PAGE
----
Id. at 1480.

In addition, by requiring "authorization" by the former President before any of his records may be released, the Bush Order conflicts with one of the most fundamental terms of the PRA: the provision that vests the Archivist, once a President leaves office, with responsibility for "custody, control, and preservation of, and access to, the Presidential records of that President." 44 U.S.C. § 2203(f)(1). The Bush Order's requirement that any release be "authorized" by the former President violates this provision by placing control over access in the hands of the former President. As the court held in AHA v. Peterson, the PRA "leaves no room for any government official to & confe[r] & control of Presidential records [on] any person or entity other than the United States" not even a former President. 876 F. Supp. at 1319.

By granting the former President the power to "control" the Archivist's release of materials under the PRA, the Bush Order not only runs afoul of the plain language of the Act, but also, again, of the principle that Executive Branch authority to execute the laws may not properly be ceded to private persons. In AHA v. Peterson, the court found an improper delegation of Executive Branch authority in an agreement between former President Bush and then-Archivist Wilson, which purported to cede "control" over the Archivist's disclosure of presidential records to former President Bush:

Under Burke and Article II of the Constitution, the & Archivist is subject to the direction of [the incumbent President], and former President Bush has 'no constitutional power to direct the Archivist.' & Under the terms of the Bush-Wilson Agreement, however, which former Archivist Wilson signed, former President Bush is purportedly empowered to direct the Archivist's disposition of Presidential information & and to oversee decisions by NARA concerning access to information on the materials. & [T]his Court, as in Burke, finds that such an Agreement cannot be sustained under the Constitution.

Id. at 1321. The Bush Order's cession of authority to former Presidents can no more be sustained than could the Bush-Wilson Agreement.



Under the constitutional scheme of separation of powers, the President has no general authority to legislate, whether through issuance of "executive orders" or otherwise. An executive order is lawful only if it constitutes an exercise of power that is granted to the President by an Act of Congress or directly by the Constitution: "The President's power, if any, to issue the order must stem either from an act of Congress or from the Constitution itself." Youngstown Sheet & Tube Co. v. Sawyer, 343 U.S. 579, 585 (1952); see also Building & Const. Trades Dept., AFL-CIO v. Allbaugh, 172 F. Supp. 2d at 158. Justice Jackson elaborated on this elemental proposition in his influential concurring opinion in Youngstown:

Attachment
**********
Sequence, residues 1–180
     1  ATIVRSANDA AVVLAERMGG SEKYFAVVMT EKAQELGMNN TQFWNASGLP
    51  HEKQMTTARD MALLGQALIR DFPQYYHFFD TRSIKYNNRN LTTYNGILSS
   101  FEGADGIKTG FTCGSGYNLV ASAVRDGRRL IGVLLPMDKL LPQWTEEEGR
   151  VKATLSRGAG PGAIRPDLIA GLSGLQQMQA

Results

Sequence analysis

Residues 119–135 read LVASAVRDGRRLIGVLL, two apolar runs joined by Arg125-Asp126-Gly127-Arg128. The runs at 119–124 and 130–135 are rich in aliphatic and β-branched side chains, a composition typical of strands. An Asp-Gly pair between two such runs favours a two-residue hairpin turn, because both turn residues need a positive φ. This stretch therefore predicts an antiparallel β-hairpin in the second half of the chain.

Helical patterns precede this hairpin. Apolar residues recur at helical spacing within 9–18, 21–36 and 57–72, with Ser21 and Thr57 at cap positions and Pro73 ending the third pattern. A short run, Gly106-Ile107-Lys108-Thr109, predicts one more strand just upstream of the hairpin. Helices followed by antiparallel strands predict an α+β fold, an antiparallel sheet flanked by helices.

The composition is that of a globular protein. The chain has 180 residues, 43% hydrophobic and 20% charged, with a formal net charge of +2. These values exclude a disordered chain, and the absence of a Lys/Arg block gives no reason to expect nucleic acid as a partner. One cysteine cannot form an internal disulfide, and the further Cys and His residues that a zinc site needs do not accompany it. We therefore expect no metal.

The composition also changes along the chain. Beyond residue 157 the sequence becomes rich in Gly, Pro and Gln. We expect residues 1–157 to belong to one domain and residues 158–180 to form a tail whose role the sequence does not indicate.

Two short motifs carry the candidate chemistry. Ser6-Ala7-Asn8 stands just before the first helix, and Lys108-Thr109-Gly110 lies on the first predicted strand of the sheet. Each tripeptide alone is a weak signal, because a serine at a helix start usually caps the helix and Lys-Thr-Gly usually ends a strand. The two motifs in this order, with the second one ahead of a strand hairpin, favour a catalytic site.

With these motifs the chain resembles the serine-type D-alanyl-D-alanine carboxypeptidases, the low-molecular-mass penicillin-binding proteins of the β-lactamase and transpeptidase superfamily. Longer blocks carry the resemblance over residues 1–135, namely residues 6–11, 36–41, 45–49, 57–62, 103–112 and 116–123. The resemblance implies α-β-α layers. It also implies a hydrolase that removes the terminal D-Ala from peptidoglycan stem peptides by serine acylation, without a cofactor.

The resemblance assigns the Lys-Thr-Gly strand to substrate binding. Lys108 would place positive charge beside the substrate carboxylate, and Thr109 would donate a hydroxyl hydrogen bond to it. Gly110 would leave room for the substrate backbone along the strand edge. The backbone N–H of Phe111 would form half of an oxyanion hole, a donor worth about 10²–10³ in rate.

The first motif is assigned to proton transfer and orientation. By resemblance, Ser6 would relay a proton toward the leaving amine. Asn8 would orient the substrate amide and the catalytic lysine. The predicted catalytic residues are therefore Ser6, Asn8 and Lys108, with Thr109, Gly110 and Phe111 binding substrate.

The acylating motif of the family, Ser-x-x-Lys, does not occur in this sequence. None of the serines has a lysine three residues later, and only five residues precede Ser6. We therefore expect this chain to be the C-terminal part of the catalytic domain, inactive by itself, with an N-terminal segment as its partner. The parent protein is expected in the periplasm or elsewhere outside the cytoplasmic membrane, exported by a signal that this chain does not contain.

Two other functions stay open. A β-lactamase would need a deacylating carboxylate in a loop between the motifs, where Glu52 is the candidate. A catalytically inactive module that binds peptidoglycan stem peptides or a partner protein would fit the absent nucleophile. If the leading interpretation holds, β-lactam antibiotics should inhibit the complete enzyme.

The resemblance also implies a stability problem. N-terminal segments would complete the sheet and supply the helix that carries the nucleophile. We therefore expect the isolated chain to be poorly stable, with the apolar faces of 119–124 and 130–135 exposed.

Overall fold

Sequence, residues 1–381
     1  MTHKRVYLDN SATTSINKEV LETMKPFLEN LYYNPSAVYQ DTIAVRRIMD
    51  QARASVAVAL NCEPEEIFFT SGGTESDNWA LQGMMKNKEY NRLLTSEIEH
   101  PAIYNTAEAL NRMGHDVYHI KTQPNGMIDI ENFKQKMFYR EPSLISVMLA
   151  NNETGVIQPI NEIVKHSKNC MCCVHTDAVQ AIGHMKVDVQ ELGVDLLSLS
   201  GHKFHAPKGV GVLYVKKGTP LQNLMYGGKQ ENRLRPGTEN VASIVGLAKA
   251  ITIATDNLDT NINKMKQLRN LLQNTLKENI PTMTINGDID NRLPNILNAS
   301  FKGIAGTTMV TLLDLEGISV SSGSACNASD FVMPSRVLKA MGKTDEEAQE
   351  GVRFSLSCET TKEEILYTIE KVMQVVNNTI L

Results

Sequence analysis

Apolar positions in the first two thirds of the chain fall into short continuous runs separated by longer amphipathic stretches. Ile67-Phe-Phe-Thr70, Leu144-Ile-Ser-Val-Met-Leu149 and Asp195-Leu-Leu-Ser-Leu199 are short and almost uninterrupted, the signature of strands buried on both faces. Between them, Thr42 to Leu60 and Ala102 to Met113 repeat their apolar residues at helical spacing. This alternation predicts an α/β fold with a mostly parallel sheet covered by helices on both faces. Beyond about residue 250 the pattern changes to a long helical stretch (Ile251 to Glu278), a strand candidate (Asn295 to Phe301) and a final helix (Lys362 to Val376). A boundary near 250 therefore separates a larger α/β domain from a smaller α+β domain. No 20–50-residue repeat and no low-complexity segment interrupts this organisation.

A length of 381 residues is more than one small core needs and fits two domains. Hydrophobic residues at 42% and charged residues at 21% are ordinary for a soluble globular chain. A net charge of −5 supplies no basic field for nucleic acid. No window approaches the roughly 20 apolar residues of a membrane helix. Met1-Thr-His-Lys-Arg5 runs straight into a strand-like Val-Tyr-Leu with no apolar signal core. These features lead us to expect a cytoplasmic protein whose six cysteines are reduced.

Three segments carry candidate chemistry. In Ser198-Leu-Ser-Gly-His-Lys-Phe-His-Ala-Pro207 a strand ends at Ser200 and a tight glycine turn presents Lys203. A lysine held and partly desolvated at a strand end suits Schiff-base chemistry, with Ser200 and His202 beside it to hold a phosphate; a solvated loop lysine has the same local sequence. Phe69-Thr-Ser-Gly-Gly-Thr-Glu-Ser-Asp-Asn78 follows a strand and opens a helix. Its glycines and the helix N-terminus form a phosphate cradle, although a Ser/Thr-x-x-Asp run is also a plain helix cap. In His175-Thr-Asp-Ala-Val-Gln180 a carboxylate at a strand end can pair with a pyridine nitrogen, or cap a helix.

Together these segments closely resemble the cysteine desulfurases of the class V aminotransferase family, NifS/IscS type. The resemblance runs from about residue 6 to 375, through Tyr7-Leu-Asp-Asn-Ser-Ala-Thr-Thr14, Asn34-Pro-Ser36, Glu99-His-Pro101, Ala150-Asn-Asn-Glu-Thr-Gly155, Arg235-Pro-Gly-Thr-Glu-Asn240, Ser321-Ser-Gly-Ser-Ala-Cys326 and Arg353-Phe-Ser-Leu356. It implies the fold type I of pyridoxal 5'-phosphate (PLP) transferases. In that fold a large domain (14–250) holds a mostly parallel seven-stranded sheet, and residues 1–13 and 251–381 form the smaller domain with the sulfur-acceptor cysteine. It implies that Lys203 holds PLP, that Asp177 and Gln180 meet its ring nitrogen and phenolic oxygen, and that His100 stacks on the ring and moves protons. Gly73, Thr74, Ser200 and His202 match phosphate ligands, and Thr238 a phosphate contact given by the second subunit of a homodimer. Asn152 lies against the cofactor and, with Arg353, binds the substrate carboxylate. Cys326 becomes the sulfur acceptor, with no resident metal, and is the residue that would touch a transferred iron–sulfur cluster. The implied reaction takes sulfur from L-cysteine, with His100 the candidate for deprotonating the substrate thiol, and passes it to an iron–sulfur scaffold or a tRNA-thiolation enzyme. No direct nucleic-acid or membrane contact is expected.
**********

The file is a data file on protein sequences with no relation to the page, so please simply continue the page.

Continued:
1. When the President acts pursuant to an express or implied authorization of Congress, his authority is at its maximum, for it includes all that he possesses in his own right plus all that Congress can delegate. In these circumstances, and in these only, may he be said (for what it may be worth) to personify the federal sovereignty. &

2. When the President acts in absence of either a congressional grant or denial of authority, he can only rely upon his own independent powers, but there is a zone of twilight in which he and Congress may have concurrent authority, or in which its distribution is uncertain. Therefore, congressional inertia, indifference or quiescence may sometimes, at least as a practical matter, enable, if not invite, measures on independent presidential responsibility. In this area, any actual test of power is likely to depend on the imperatives of events and contemporary imponderables rather than on abstract theories of law.

3. When the President takes measures incompatible with the expressed or implied will of Congress, his power is at its lowest ebb, for then he can rely only upon his own constitutional powers minus any constitutional powers of Congress over the matter. Courts can sustain exclusive Presidential control in such a case only by disabling the Congress from acting upon the subject. Presidential claim to a power at once so conclusive and preclusive must be scrutinized with caution, for what is at stake is the equilibrium established by our constitutional system.

343 U.S. at 635-38 (Jackson, J., concurring) (footnotes omitted). As Justice Jackson put it, the question facing a court addressing a challenge to the lawfulness of an executive order is, "Into which of these classifications does this executive [order] fit?" Id. at 638.

Here, as in Youngstown, "There is no statute that expressly authorizes the President to [act] as he did here. Nor is there any act of Congress to which our attention has been directed from which such a power can fairly be implied." Id. at 586 (opinion of the Court). The Bush Order itself does not purport to be based on the Presidential Records Act or any other enactment of Congress. Thus, as in Youngstown, it is evident that the government does not "rely on statutory authorization for this [order]." Id. According to Justice Jackson's typology, the Bush Order must be either a "category 2" or "category 3" executive order, and its legitimacy necessarily depends on the existence of some constitutional authority for the exercise of presidential power over this subject.